6. You never can promise 100% safety. For instance, you never would promise a parent that her child would never, ever be in a fight at school. So quit trying to guarantee 100% safety when it comes to technology. Provide reasonable supervision, implement reasonable procedures and policies, and move on.
  7. The ‘online predators will prey on your schoolchildren’ argument is a false bogeyman, a scare tactic that is fed to us by the media, politicians, law enforcement, and computer security vendors. The number of reported incidents in the news of this occurring is zero.
  8. Federal laws do not require your draconian filtering. You can’t point the finger somewhere else. You have to own it yourself.
  9. Students and teachers rise to the level of the expectations that you have for them. If you expect the worst, that’s what you’ll get.
  10. Schools that ‘loosen up’ with students and teachers find that they have no more problems than they did before. And, often, they have fewer problems because folks aren’t trying to get around the restrictions.
  11. There’s a difference between a teachable moment and a punishable moment. Lean toward the former as much as possible.
  12. If your community is pressuring you to be more restrictive, that’s when it’s time to educate, not capitulate. Overzealous blocking and filtering has real and significant negative impacts on information access, student learning, pedagogy, ability to address required curricular standards, and educators’ willingness to integrate technology. It also makes it awfully tough to prepare students for a digital era.
  13. ‘Walled garden’ online environments prevent the occurrence of serendipitous learning connections with the outside world.
  14. If you’re prohibiting teachers from being ‘friends’ with students online, are you also prohibiting them from being ‘friends’ with students in neighborhoods, at church, in volunteer organizations, at the mall, and in other non-school settings?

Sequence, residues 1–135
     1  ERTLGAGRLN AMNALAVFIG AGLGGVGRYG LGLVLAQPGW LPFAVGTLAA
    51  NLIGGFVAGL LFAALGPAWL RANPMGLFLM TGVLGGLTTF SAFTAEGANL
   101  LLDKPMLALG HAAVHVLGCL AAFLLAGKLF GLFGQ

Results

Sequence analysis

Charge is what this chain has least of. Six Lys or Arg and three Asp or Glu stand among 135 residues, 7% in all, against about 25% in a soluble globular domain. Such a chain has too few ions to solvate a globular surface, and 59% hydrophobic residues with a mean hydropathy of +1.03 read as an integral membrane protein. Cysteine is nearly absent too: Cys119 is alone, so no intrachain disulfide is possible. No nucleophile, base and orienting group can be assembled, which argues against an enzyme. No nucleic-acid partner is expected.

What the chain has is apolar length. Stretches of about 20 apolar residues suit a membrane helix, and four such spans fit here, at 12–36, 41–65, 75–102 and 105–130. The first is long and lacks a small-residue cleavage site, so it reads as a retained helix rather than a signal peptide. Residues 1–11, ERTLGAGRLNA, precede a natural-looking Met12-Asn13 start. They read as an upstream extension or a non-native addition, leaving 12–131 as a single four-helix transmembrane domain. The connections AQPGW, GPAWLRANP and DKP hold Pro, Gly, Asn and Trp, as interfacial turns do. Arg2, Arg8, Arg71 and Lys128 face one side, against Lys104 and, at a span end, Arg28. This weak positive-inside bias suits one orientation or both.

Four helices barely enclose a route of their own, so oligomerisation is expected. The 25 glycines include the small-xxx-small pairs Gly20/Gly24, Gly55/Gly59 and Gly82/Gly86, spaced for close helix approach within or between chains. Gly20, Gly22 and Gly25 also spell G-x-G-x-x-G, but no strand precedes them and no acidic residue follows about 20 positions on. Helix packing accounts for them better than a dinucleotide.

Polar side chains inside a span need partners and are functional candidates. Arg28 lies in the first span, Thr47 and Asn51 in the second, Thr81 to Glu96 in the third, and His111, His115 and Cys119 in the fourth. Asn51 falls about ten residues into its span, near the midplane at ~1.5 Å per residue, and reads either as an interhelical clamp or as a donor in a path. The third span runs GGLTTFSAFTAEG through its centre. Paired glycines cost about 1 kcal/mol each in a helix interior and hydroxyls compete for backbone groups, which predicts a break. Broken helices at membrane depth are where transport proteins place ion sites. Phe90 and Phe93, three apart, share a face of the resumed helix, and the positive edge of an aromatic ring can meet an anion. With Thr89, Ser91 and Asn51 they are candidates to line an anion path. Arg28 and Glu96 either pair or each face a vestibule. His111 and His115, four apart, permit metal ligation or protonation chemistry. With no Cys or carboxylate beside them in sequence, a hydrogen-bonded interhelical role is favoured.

15. Schools with mindsets of enabling powerful student learning usually block much less than those that don’t. Their first reaction is ‘how can we make this work?’ rather than ‘we need to keep this out.’
  16. As the lead learner, it’s your responsibility to actively monitor what’s being filtered and blocked and to always reconsider that in light of learning and teaching needs.
  17. If you trust your teachers with the children, you should trust them with the Internet. Addendum: Mistrust of teachers drives away good educators.
  18. If you make it too hard to get permission to unblock something, you might as well not have the option in the first place.
  19. Unless you like losing lawsuits, remember that students and staff have speech and privacy rights, particularly off-campus. Remember that any dumb decision you make is Internet fodder and has a good chance of going viral online. Do you really want to be the next stupid administrator story on The Huffington Post?
  20. When you violate the Constitution and punish kids just because you don’t like what they legally said or did and think you can get away with it, you not only run the risk of incurring financial liability for your school system in the tens or hundreds of thousands of dollars but also abuse your position of trust and send messages to students about the corruption of power and disregard for the rule of law.
  21. Never make a policy you can’t enforce.